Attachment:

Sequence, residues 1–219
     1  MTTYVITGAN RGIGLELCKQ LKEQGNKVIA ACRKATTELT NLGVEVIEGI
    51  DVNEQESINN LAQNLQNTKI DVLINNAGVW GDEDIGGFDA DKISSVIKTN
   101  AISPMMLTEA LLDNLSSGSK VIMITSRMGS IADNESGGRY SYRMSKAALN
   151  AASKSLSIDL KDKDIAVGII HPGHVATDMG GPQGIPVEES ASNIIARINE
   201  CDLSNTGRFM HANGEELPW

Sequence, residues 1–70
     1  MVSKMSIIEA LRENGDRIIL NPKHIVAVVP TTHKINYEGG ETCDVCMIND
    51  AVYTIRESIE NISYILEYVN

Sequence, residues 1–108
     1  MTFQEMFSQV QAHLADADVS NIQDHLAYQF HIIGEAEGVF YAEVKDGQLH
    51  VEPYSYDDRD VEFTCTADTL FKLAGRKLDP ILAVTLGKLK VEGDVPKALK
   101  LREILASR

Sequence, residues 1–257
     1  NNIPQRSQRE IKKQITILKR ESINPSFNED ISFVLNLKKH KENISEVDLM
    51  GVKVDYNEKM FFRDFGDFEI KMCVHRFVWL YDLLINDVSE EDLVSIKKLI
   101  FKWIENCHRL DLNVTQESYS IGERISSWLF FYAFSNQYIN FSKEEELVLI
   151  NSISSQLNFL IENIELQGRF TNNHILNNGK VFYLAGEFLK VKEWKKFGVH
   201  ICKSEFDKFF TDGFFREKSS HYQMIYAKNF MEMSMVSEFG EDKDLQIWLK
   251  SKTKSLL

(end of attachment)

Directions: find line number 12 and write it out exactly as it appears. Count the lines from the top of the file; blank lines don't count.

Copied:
    51  VEPYSYDDRD VEFTCTADTL FKLAGRKLDP ILAVTLGKLK VEGDVPKALK